Classic watches, watchmaking, antique tools, history, vintage ephemera and more!
Learn about mechanical timepieces and how they work, the history of the American watch industry and especially all about the Elgin National Watch Company! Check back for new content daily.
Although this is technically a blog, the content is not generally in a time-based sequence. You can find interesting items throughout. Down the page some is an alphabetical word cloud of keywords used here. A great way to dig in is to look through those topics and click anything you find interesting. You'll see all the relevant content.
Here are a few of my favorites!
There are some large images on some posts, so that might impact your load times, bit I think you will find it worth the wait. Thanks for visiting!
Horologists Builds Own Street Clocks
Once in a while, I'm asked about the photos that appear here. Here's a few details on a sample. Click on the photo for a larger view.
Here's an unusual private label watch marked "John Mitsch, Allegheny Pa."
Note the solid balance on this slow-beat design.
The watch features an hour wheel which has been repaired at some point in the past. A tooth has been replaced - nice work too.
One of a series of little biographies of Elgin Watches
WRITTEN BY EMINENT ELGINEERS
Gentle who make pictures and books and plays and such things for the divertissement of their fellows, are not supposed to work by the watch.
But even an artist has appointments to keep, orders to fill, and the 5.15 to catch. And if he is habitually late for dinner, the cook will not stay.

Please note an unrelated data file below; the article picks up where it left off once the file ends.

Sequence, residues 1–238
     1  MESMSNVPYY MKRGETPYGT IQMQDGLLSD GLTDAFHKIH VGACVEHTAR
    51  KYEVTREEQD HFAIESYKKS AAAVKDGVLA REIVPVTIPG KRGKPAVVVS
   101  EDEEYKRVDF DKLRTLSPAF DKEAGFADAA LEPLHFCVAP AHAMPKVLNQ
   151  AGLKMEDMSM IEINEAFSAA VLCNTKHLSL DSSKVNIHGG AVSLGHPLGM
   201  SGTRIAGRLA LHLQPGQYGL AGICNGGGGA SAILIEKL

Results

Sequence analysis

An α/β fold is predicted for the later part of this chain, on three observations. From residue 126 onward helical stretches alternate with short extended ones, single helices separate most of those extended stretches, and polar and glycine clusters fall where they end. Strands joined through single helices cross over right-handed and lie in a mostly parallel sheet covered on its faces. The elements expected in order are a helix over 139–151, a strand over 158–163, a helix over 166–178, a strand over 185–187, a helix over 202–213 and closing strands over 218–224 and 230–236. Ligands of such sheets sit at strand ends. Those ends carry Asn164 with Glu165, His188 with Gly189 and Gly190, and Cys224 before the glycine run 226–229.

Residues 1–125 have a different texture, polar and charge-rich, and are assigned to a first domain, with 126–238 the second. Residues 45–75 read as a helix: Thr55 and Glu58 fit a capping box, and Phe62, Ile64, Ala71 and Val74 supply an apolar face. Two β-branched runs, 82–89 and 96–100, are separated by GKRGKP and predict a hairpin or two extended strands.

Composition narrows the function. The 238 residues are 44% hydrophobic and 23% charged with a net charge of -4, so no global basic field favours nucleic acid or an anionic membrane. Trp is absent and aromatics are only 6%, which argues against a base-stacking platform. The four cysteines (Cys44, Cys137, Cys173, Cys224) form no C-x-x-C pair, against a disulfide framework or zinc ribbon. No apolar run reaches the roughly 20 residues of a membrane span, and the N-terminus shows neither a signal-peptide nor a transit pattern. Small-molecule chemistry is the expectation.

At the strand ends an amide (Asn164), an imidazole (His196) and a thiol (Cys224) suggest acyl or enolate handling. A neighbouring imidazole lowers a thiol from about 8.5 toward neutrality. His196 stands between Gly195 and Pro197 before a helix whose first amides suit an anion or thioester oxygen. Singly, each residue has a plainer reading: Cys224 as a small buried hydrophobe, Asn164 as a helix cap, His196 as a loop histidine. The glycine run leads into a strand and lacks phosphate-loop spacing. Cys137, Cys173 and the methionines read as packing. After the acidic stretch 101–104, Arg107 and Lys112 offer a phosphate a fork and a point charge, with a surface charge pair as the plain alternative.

For many years, I might have been known as a "two watch man." I carried an opulent, turnip-shaped watch bequeathed to me by an ancestor - and another given me by an associate. Between the two, by checking one against the other and striking a happy mean, I have managed to secure a fair approximation of time.
But one day, it dawned on me that it might not be economic wisdom to use two implements for the work of one. So I secured an Elgin - which has since become my paragon of punctuality - keeping time as remorselessly and accurately as the Gray-Beard with the Scythe.
There's a lot of material, this will take awhile, but there are two lessons available now. Enjoy...
I received the following email October 25, 2010.
Date: Mon, Oct 25, 2010 at 8:46 AM
Subject: Chicago School of Watchmaking Lesson Plans
From Horology magazine, July1938
HOW TO OPEN NEW GRUEN CASES
The use of the cleaning machine has definitely become a part of the routine in most horological shops and no one whu has experienced the ease of machine cleaning is likely to return to the old method. Investigation has shown, however, that in many instances horologists have failed to derive the advantages which these machines offer.
I just ran across this original photo of my Grandfather. I had not seen the original before, but I believe this picture was printed in the Cour d'Alene Press as part of a feature on local business. This was taken sometime in the early 1970s I would guess.
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